We can answer this question more accurately if change it to ‘who’ is a doula because what doulas do isn’t as important as the kind of people they are. Essentially they are people who support unconditionally.
A doula is someone who chooses to get to know and believe in the power that’s in each woman to know what’s the best birth for her and how to follow her instincts as a new mother. Doulas are experts in encouraging and supporting families so that they can enjoy the time of pregnancy birth and early baby days.
Every doula is different; each has knowledge of different things about pregnancy birth and babies but each is the same because they all come with total unconditional support for every family they work with.
Finding the right person to provide you with that unconditional practical and emotional support is your first step to realising the power in you to enjoy all that pregnancy birth and new parenthood has to offer. Your doula won’t ever give advice but they will get you the information you want and support you in whatever decision you make. Your doula is completely without any agenda except to support you.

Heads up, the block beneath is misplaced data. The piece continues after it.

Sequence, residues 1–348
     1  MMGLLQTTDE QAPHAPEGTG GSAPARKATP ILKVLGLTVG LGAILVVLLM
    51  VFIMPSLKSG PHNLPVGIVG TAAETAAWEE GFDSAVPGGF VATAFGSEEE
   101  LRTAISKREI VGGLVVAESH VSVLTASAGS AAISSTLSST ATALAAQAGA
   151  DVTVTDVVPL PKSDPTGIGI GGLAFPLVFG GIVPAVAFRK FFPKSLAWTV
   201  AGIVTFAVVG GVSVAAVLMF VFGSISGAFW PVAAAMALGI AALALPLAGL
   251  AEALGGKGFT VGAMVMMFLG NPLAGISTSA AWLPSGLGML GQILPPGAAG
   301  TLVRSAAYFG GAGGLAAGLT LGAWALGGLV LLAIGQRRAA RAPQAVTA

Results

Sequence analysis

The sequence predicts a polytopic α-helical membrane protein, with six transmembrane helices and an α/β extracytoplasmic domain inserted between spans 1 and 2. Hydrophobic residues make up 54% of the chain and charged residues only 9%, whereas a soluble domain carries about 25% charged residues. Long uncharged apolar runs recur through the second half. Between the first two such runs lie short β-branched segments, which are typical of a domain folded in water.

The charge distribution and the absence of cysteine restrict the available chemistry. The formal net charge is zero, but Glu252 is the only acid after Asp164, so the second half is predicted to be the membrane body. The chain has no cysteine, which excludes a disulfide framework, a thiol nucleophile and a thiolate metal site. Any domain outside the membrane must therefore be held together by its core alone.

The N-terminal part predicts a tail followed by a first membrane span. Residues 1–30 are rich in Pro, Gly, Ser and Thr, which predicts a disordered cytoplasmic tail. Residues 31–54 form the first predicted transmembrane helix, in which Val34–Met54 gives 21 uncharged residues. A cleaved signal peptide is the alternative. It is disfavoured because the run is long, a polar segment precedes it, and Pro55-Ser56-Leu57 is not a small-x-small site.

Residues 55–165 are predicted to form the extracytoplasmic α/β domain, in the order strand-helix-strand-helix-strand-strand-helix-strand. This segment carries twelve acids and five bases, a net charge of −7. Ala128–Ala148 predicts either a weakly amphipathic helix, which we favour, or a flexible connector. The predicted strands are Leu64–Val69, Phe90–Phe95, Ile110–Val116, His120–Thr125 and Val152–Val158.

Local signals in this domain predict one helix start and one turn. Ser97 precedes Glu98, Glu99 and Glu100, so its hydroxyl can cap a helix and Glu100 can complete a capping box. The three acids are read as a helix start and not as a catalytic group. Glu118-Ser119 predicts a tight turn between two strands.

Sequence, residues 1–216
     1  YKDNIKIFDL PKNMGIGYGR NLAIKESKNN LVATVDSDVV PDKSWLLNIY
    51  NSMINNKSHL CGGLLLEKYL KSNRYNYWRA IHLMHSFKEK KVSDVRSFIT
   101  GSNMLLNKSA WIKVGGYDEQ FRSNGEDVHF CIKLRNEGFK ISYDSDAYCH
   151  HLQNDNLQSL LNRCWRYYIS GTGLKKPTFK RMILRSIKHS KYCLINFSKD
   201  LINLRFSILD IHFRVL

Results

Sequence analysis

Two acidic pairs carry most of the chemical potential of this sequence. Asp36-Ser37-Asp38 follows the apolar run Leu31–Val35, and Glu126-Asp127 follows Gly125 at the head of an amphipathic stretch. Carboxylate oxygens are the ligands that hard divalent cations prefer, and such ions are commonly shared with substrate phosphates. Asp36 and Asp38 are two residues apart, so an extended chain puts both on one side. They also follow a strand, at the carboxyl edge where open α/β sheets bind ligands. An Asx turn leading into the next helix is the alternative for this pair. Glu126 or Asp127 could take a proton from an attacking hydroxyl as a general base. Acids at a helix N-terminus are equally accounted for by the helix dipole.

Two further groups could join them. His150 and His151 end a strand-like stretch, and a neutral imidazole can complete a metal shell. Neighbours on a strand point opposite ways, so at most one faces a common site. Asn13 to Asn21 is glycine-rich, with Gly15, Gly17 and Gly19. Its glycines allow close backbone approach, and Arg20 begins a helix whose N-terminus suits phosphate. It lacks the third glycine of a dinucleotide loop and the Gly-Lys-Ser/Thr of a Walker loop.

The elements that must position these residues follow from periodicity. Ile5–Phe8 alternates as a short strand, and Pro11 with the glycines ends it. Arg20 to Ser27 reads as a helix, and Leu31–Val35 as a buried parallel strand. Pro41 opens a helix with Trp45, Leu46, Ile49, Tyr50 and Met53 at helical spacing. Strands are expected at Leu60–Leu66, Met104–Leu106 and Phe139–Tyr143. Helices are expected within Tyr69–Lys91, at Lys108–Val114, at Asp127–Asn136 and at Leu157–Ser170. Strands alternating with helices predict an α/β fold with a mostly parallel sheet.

Practically speaking a birth doula helps the family prepare for the birth and then supports the mother and her birth partner during the labour and delivery.
A postnatal doula supports the family practically and emotionally in the first weeks after the baby is born.
Doulas are not medical professionals; they do not do the job of you midwife, doctor or health visitor and they can not provide medical advice.
If that all sounds lovely but you’re not sure what the practical benefits would be here’s some of the measurable benefits that the kind of support doulas offer provides:
“Women who received continuous labour support were more likely to:
· give birth ‘spontaneously’, i.e. give birth with neither caesarean nor vacuum nor forceps.
· In addition, women were less likely to use pain medications,
· were more likely to be satisfied,
· and had slightly shorter labours.
· Their babies were less likely to have low five-minute Apgar scores.
· No adverse effects were identified.
We conclude that all women should have continuous support during labour.”
Cochrane review of research on continuous support for women during childbirth. Hodnett ED, Gates S, Hofmeyr G, Sakala C . 15 July 2013
- Ceasarean section 15% (versus 24.3% nationally)
- Epidurals 20% (versus over 30% UK average)
- Vaginal birth after a caesarean section success rate 70%
- Successful home births (no transfer) 19% [compared to less than 3% national home birth rate]
- 88% of women who had a postnatal doula were still breastfeeding at 6 weeks and 67% were still breastfeeding at 6 months.
© Goedkoop V. MIDIRS Midwifery Digest, vol 19, no 2, June 2009, pp 217-218